Rural life in English poetry of the mid-eighteenth century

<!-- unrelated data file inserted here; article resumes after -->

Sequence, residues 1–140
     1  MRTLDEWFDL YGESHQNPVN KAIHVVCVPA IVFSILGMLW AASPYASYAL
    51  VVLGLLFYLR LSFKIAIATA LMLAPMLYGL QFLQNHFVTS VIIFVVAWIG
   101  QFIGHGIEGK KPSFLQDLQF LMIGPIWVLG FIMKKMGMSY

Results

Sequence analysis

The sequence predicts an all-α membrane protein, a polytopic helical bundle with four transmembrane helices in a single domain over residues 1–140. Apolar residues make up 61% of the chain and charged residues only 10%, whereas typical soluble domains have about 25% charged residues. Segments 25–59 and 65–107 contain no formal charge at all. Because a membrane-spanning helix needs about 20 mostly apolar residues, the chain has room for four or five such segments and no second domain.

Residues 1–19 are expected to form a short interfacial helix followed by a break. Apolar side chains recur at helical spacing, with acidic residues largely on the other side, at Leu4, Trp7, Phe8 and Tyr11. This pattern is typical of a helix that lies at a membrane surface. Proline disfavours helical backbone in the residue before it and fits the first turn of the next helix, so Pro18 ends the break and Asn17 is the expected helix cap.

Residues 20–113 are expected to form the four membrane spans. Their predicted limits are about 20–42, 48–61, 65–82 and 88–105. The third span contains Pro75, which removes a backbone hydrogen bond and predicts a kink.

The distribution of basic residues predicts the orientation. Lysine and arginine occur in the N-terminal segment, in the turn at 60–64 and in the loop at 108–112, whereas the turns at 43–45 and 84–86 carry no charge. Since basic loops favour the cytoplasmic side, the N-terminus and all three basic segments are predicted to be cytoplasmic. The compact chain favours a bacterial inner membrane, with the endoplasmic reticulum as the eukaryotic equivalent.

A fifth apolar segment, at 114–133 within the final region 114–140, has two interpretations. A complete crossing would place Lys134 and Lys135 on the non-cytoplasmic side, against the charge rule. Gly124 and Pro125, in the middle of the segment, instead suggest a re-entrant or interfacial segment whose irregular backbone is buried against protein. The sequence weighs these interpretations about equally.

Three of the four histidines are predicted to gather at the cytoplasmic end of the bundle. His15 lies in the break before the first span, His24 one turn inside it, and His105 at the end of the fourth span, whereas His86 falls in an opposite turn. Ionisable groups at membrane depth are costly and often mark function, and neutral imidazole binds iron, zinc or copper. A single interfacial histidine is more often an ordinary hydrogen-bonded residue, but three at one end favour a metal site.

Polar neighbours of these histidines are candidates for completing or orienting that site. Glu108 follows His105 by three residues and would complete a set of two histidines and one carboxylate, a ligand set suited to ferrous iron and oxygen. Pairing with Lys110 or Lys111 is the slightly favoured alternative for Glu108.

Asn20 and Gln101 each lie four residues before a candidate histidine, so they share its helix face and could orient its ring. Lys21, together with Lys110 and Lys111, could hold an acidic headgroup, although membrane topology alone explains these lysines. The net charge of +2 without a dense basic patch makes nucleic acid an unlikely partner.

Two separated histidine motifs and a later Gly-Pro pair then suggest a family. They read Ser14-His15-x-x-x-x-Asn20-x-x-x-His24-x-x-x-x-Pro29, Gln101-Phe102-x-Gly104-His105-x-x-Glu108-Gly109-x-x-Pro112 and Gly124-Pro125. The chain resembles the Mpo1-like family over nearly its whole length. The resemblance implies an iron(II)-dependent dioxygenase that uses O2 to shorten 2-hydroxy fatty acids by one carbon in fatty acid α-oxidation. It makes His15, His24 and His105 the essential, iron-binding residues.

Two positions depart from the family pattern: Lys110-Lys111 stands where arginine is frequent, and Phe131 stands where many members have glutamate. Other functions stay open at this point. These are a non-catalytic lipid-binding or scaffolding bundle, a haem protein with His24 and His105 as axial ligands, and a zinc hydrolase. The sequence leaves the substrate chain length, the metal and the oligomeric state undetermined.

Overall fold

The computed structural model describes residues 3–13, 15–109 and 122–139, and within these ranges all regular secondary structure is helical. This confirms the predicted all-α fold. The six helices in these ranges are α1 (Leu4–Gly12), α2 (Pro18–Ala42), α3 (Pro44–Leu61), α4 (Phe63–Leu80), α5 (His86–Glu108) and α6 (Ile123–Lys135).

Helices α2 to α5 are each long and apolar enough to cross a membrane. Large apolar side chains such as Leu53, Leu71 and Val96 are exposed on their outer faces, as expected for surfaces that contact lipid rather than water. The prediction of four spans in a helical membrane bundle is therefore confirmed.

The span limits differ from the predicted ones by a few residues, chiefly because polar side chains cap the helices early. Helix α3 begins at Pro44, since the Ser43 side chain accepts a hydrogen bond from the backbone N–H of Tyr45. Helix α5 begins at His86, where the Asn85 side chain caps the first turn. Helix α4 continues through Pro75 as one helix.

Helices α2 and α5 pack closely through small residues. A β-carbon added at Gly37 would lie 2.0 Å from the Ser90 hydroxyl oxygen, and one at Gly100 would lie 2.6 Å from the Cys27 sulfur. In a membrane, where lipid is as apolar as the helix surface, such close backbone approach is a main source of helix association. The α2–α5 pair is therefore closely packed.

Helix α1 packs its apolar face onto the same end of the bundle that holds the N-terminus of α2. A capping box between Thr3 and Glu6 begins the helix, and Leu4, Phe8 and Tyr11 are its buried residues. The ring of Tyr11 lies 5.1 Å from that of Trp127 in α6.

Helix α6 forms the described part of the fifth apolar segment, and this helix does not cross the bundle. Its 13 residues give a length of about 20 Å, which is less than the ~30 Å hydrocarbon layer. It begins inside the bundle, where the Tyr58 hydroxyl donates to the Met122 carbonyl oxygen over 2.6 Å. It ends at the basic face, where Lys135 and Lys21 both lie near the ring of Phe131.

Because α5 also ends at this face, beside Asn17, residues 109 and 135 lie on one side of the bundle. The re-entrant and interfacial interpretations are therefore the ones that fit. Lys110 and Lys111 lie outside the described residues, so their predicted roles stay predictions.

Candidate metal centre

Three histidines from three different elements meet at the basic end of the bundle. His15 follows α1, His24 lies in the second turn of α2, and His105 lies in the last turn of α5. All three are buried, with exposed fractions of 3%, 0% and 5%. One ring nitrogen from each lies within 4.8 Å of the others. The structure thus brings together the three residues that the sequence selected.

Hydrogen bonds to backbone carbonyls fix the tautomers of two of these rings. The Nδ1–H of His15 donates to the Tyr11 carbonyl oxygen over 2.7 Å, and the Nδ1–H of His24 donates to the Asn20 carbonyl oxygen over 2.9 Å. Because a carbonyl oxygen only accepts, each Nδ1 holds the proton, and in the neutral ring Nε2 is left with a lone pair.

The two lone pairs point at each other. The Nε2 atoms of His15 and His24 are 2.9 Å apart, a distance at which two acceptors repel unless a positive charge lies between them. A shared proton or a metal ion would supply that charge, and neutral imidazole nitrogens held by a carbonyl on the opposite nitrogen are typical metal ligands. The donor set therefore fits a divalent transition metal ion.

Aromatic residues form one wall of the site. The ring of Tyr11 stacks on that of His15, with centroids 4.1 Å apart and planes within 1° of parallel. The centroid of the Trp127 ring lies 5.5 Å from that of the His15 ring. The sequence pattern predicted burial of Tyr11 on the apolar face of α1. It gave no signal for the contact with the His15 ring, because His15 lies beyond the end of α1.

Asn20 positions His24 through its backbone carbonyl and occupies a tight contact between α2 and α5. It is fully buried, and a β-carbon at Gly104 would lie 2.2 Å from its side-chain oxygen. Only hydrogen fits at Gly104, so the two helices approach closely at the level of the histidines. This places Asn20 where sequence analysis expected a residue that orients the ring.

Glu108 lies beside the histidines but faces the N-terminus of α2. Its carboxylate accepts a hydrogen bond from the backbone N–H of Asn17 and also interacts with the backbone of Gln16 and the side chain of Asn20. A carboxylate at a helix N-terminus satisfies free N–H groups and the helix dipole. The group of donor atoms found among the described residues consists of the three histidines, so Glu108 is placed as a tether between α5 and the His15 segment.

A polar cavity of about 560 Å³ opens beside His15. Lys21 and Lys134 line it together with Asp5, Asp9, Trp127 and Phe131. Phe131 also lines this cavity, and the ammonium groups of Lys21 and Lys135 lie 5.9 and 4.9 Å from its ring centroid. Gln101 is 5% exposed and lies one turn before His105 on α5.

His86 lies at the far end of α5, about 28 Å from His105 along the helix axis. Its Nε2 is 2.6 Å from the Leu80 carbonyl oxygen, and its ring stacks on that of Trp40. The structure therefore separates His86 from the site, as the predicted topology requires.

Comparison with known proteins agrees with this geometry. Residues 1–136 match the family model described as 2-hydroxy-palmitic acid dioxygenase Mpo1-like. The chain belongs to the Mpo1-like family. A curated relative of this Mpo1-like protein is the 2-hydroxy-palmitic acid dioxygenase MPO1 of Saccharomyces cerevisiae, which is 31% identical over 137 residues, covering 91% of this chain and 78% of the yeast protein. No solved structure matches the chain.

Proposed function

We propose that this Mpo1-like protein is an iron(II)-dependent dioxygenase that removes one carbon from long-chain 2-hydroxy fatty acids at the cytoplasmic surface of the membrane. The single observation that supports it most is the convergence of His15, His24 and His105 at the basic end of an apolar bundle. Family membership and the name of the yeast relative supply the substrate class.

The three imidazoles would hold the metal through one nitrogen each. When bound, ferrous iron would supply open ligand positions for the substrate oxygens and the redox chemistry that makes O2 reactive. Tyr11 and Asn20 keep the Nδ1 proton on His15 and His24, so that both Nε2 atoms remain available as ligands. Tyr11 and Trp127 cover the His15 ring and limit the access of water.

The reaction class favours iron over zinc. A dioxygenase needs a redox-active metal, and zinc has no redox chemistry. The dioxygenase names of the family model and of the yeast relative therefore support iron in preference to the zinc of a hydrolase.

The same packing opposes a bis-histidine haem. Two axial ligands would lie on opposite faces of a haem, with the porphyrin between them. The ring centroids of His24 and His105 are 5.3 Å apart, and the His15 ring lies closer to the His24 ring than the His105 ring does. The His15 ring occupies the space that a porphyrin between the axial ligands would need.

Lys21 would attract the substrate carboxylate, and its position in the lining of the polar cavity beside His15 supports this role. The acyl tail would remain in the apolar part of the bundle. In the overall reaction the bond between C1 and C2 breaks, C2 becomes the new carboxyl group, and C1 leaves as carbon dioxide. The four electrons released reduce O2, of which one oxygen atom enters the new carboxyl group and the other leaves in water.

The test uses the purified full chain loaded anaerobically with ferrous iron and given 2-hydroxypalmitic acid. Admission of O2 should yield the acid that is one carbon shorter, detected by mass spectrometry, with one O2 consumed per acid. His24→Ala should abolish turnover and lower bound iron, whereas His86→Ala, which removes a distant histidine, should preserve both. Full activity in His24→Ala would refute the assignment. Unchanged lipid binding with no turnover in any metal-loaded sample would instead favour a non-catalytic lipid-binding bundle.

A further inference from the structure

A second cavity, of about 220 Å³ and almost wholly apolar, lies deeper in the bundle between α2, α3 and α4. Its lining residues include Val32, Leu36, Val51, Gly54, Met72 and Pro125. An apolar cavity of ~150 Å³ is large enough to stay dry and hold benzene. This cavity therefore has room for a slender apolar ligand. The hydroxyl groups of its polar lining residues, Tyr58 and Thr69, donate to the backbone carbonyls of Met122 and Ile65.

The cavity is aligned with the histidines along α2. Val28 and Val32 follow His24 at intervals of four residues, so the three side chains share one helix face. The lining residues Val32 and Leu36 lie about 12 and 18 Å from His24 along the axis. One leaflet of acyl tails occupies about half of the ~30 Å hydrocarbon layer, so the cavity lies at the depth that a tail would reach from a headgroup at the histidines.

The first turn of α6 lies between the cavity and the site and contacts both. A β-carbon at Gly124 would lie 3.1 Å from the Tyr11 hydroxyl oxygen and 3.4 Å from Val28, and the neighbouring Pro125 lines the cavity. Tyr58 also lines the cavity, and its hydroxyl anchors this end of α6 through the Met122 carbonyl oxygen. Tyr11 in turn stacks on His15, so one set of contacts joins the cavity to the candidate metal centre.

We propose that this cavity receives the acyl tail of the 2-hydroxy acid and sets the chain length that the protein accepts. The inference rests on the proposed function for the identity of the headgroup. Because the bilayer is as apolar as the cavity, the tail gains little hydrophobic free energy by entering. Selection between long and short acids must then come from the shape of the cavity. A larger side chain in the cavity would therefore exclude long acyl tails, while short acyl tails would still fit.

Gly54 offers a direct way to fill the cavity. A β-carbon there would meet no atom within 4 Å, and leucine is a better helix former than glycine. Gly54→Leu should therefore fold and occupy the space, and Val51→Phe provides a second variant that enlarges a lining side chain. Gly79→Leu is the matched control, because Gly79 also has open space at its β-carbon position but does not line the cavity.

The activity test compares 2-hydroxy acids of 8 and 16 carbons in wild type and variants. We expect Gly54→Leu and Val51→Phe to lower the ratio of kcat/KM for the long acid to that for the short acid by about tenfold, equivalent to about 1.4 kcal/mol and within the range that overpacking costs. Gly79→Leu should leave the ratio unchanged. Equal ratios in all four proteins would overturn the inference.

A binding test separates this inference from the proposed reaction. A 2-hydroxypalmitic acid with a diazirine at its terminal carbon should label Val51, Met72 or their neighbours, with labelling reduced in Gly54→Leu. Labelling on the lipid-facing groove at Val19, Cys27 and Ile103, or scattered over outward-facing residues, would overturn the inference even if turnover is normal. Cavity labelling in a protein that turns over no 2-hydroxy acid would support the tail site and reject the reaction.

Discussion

This thesis examines several mid-eighteenth century poems, assessing their portrayal of rural life, its literary and historical significance, and the aesthetic and ideological issues it presents. An introductory essay on developments in rural poetry sets'the scene for two extended essays. The first essay is a comparative reading of the subject of rural labour in three poems: James Thomson's The Seasons %724-40, Stephen Duck's The Thresher's Labour (1730,1736) and Mary Collier's The Woman's Labour The viewpoints of a professional poet (Thomson), a farm labourer (Duck), and a working woman (Collier) are compared in relation to kinds of work all three address as well as to individual labouring subjects. The responses of the three poets to such related issues as folk traditions, forms of charity and other 'compensations', are also compared. Some surprising similarities as well as instructive differences are located; and an interesting picture of idealistic and realistic, male-oriented and female-oriented attitudes to labour and labour-related themes emerges. The second essay analyses the subject of agricultural prescription in John Dyer's The Fleece (1757). Drawing on interdisciplinary information, the essay makes a sequential reading of the first book of the poem, whose subject is 'the care of sheep'. It traces the historical and poetic significance of Dyer's advice on land use and environment, breeding and types of sheep, husbandry and veterinary practice. The poet's theoretical models, his use of topography and of epic and pastoral, didactic and popular styles is examined. Dyer is found to make a substantial engagement with contemporary agricultural developments, but also to draw on idealising models of agricultural history and economic development, uniting the contrasting imperatives of the 'practical' and the 'poetical'. Dyer's belief that shepherding provided an important model for society; and his intense engagement with agriculture, inform a complex pattern of mixed motivations.